Isolation level: READ UNCOMMITTED (SQL Server) vs READ COMMITTED (Oracle)

Isolation level: READ UNCOMMITTED (SQL Server) vs READ COMMITTED (Oracle)

  
Something interesting happened…

 

(Simplified example) - Inside DoBootStrap action we have the following workflow

#1 3 create actions are executed, to insert 3 item rows “X,Y,Z"

#2 An [action]^ is executed to retrieve ItemByCode, GetItemByCode(“X”) via aggregate widget

^Action: ItemByCode, this action is located inside the same eSpace, it is not an external web service.
 

In case #2 for SQL Server, expected result - the record value for Item X is to be returned, however in reality it is not returned - why? (no result returned is expected from Oracle but not SQL Server)

Isolation level: READ UNCOMMITTED (SQL Server), means the database should be able to read the database record without first committing the transaction.

Anyone test this? Is there some sort of delay? why SQL Server can not see record itemX?

If you have a look here http://www.outsystems.com/forums/discussion/2830/transactions-in-the-outsystems-platform/ It says SQL SERVER Isolation level is READ UNCOMMITTED


However in reality, our SQL SERVER behaves like the islotation level has been set to "READ COMMITTED" 
(i.e you can not do dirty read without committing).
 

https://msdn.microsoft.com/en-us/library/ms173763.aspx

Furthermore as you can see from Microsoft website it that SQL Server islotation level is READ COMMITTED by default, however outsystems note says SQL SERVER is READ UNCOMMITTED (test shows it doesnt behave as READ UNCOMMITTED)
Are we talking about the same transaction in #1 and #2?

You must take in account that any query within a transaction sees the transactions's own changes regardless of isolation level.
Hi Robert,

Can you share a sample oml where you see it hapenning?
What you said is correct, the aggregate should see the created entries.

I have seen a "similar" behaviour once in a bootstrap.
The action that executed the  "GetItemByCode" had cache set. So the bootstrap always crashed.

Like this:

GetItem()  <- first usage, returns empy and goes to cache
If no item found
    CreateItem()
GetItem()  <- gets from cache instead of going to the database....so still empty



Regards,
João Rosado
Joao

I believe caching may have caused the unexpected behaviour!

Tested similar logic in an espace without caching and outsystems is working as expected (it can do dirty reads without first committing.)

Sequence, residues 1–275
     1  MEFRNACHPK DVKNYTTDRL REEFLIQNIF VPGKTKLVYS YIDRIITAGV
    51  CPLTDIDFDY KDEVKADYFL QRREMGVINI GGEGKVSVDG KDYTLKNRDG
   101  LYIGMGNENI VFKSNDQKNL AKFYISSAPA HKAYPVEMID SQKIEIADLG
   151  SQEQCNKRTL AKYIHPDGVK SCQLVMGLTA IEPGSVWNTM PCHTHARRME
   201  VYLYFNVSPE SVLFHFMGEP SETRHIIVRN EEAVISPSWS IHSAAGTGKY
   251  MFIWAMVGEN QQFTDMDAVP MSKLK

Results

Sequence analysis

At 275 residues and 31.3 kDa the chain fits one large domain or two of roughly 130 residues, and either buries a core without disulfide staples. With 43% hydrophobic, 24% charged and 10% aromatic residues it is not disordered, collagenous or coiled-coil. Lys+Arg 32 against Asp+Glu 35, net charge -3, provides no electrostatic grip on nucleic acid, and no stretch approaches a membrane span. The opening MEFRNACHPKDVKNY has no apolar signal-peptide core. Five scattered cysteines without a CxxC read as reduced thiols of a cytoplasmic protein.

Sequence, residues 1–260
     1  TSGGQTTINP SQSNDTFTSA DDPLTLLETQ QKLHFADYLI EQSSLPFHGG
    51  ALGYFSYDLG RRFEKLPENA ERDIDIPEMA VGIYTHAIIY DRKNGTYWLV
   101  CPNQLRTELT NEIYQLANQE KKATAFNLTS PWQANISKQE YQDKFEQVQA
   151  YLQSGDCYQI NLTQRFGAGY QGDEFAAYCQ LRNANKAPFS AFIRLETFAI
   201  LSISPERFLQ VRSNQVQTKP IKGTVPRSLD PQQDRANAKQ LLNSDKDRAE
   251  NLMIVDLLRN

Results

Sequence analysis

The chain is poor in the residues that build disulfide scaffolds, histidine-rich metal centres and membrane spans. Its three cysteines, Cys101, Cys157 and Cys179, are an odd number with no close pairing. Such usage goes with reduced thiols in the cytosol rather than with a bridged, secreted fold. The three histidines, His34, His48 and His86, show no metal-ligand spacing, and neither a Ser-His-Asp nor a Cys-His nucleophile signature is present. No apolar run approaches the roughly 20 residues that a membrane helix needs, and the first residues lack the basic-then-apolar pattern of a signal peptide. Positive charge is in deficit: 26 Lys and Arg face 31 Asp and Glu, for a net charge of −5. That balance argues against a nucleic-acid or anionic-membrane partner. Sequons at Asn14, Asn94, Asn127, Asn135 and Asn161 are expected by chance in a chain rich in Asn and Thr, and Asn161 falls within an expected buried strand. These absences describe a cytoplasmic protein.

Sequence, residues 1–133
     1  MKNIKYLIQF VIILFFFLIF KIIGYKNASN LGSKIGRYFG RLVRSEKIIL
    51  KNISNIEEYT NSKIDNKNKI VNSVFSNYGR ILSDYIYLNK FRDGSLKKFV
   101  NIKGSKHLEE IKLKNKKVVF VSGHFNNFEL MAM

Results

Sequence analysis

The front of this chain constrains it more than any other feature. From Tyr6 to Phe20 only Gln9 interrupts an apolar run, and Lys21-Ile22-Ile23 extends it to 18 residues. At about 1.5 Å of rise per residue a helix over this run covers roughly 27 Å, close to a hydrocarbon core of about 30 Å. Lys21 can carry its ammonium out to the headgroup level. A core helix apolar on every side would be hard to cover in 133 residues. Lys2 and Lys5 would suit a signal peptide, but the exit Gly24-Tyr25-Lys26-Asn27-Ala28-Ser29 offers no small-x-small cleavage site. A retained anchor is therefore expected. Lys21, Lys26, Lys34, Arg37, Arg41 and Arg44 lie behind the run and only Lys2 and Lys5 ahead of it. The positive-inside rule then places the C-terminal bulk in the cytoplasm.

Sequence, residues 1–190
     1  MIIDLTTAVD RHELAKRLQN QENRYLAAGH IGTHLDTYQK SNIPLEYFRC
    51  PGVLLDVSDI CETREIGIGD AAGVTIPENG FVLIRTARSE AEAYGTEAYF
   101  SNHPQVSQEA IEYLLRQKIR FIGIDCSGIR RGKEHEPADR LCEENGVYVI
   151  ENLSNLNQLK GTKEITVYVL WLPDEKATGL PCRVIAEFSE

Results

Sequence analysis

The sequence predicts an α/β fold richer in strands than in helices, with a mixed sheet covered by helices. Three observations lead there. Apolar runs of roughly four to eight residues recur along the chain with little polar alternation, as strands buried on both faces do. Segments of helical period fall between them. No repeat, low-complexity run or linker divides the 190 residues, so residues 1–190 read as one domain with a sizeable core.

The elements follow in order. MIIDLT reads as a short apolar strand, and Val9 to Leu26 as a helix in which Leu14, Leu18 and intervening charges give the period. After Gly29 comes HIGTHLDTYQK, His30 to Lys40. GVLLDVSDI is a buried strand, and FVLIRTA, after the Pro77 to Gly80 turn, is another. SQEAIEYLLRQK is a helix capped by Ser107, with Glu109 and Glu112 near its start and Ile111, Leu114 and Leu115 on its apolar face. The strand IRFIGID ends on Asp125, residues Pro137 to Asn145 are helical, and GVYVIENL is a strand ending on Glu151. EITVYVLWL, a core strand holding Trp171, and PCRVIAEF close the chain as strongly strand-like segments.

João Rosado wrote:


GetItem()  <- first usage, returns empy and goes to cache
If no item found
    CreateItem()
GetItem()  <- gets from cache instead of going to the database....so still empty



Regards,
João Rosado
 What still puzzles me is, in the real app "GetItem" was not first executed, yet it caused issues , how? it shouldnt cache.  (I thought outsystems cached the first time the action is executed for period specified. am I wrong?)


 
Hi,

Yes it cahes on the first execution.
Pretty sure you must have it somewhere on you application being called before that point to cause the issue.
Add some audits and check the logs.

Regards,
João Rosado
I have seen the exact same behavior as well. Very easy to reproduce:

1. Have an Action write data to the DB.
2. Have that Action call a Web Service before ending.
3. Have the Web Service read the changed record from the DB.

Result: Web Service reads the OLD values from the DB.

Despite the documentation, the system clearly is not reading "uncommitted" data in many circumstances.

J.Ja
Hi Justin,

Did you test that just now?
Because having the web services make no difference here ... in sql server due to driver limitations with the number of readers over the same transaction even 2 consecutive queries in a flow may use different transactions.

Are you able to create a sample that replicates the behavior?

Regards,
João Rosado
Joao -

That's been the behavior for a long, long time. If you do not do a CommitTransaction before calling the Web Service, the Web Service will not see the changed data until the current call is finished and it auto-commits. So I know for a fact that it is not reading uncommitted data.

J.Ja
Hi Justin,

I tried to replicate what you said but could not do it, everything worked as expected/documented.
I'm attaching my eSpace and a video of me using it and step by step with the debugger to see the flow.

http://screencast.com/t/7j8u4iry156H

Note: if you try my eSpace don't forget to change the web reference url to point to your server.

Regards,
João Rosado